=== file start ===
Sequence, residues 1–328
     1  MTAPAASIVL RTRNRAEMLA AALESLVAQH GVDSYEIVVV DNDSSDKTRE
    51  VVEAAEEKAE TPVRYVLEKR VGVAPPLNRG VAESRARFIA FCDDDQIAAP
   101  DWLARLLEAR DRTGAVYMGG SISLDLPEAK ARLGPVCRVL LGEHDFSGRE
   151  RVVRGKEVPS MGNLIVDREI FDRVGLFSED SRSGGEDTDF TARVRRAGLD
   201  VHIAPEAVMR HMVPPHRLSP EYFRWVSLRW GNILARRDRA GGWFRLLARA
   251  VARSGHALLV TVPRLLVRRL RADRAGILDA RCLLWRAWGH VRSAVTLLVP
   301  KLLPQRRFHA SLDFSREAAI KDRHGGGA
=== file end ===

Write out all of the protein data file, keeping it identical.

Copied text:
Sequence, residues 1–328
     1  MTAPAASIVL RTRNRAEMLA AALESLVAQH GVDSYEIVVV DNDSSDKTRE
    51  VVEAAEEKAE TPVRYVLEKR VGVAPPLNRG VAESRARFIA FCDDDQIAAP
   101  DWLARLLEAR DRTGAVYMGG SISLDLPEAK ARLGPVCRVL LGEHDFSGRE
   151  RVVRGKEVPS MGNLIVDREI FDRVGLFSED SRSGGEDTDF TARVRRAGLD
   201  VHIAPEAVMR HMVPPHRLSP EYFRWVSLRW GNILARRDRA GGWFRLLARA
   251  VARSGHALLV TVPRLLVRRL RADRAGILDA RCLLWRAWGH VRSAVTLLVP
   301  KLLPQRRFHA SLDFSREAAI KDRHGGGA